There may be new readers unfamiliar with the remark of that toriest of Tories, Lord Salisbury, so here it is again: "What do we need change for," he said. "Aren't things bad enough as they are?"
And so to the House of Lords for the opening salvoes in the latest attempt by Nick Clegg to establish a senate. He hasn't a hope. It's wonderful how reform brings out the inner conservative in the lordly left.
On the regal right, the inner conservative meets the outer in the person of Lord Strathclyde. It was his job to propose the Coalition policy which he did with such exquisite politeness that it was impossible to think he believed a word of it. He told us that the Government wasn't going to change the role of the Lords, nor its powers, nor the relations between the Houses. So what on earth were they engaged on this quixotic enterprise for? Britain elects all sorts of representatives, he said mildly. "Why not for this House?"
Baroness d'Souza told him. She said: "I don't believe elections are the only form of democracy." Such a daring thought, you wouldn't hear it in the Commons. She explained. The hundreds of special-interest groups that "minutely inform" debates in the Lords are a "democratic procedure". The House is "less political, less fiercely whipped, less constituency based", she said.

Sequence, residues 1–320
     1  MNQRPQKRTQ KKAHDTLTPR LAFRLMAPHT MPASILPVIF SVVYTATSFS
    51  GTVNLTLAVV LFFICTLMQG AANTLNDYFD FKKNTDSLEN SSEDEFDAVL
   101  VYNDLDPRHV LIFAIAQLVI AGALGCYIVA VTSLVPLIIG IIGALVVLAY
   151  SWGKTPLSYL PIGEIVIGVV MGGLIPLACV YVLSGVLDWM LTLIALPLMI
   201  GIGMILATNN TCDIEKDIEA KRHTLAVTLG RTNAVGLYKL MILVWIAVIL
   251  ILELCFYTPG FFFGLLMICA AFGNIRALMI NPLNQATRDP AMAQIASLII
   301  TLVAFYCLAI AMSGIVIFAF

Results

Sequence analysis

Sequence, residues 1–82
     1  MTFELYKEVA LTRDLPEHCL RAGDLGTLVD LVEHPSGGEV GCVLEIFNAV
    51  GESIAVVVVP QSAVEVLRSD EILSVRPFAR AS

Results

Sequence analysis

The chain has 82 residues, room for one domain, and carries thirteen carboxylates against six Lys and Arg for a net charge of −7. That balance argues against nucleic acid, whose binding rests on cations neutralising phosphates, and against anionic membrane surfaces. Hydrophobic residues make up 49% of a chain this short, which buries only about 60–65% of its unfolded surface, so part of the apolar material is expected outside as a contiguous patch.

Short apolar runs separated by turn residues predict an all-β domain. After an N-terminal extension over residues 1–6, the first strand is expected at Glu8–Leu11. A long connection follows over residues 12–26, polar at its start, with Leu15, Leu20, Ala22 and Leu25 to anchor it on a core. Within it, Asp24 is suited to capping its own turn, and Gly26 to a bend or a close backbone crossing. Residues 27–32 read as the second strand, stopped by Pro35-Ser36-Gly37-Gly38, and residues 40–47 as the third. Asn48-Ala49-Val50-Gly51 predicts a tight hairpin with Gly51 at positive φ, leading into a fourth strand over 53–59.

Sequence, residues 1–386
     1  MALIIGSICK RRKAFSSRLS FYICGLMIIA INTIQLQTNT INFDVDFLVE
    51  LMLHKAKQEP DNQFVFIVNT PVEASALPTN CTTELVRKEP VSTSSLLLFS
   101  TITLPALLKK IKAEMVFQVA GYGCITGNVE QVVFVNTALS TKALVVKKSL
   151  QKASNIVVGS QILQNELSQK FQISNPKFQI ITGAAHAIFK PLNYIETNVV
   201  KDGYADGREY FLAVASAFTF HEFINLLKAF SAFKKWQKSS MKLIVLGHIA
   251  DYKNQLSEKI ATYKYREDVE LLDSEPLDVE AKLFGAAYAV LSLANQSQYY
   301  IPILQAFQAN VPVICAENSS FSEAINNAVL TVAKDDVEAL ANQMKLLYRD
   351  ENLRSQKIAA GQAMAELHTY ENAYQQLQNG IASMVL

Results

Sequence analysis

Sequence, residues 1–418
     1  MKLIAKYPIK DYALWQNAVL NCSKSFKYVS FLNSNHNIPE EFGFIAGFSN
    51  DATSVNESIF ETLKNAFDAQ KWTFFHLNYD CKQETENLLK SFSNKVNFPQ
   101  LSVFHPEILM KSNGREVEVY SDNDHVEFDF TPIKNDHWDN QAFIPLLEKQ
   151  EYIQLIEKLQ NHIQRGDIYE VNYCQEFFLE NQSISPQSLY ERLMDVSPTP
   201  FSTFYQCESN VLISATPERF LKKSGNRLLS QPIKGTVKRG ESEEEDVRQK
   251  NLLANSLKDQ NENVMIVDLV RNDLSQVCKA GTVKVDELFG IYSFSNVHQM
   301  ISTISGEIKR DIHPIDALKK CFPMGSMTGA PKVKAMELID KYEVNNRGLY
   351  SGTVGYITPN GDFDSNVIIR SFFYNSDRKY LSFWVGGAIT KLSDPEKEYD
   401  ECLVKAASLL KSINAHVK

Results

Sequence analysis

And finally, people "can't say it's undemocratic when it acts so clearly in the public interest".
Betty Boothroyd divested herself of a ripping stream of invective – and peaked with her thought that the Lords may not be "directly accountable. But nor is the monarchy. Nor is the judiciary. Nor the heads of the armed forces. Nor the Prime Minister, and nor is the Deputy Prime Minister!"
Poor old Jonathan Marks got a terrific rollicking. It wasn't just that he took a tutorial tone with them, his arguments were hardly out of his mouth before members filleted them in front of his face. The Parliament Act would preserve the primacy of the Commons, he said. Lord Forsyth doubted that "statutes will determine behaviour". He observed that the Scotland Act precluded a referendum. But now that the SNP had a majority, "political reality wins".
As Lord Marks soldiered on, 94-year-old Lord Campbell of Alloway intervened to put him down with a remark that could hardly be heard, and even if heard couldn't be understood. Yes, there he was, a man so old that he couldn't stand for election, let alone run. But more an adornment to our way of government than any number of paid politicians, party hacks and vote-grubbing sluts (I translate from the original). He is, if nothing else, the very image of diversity.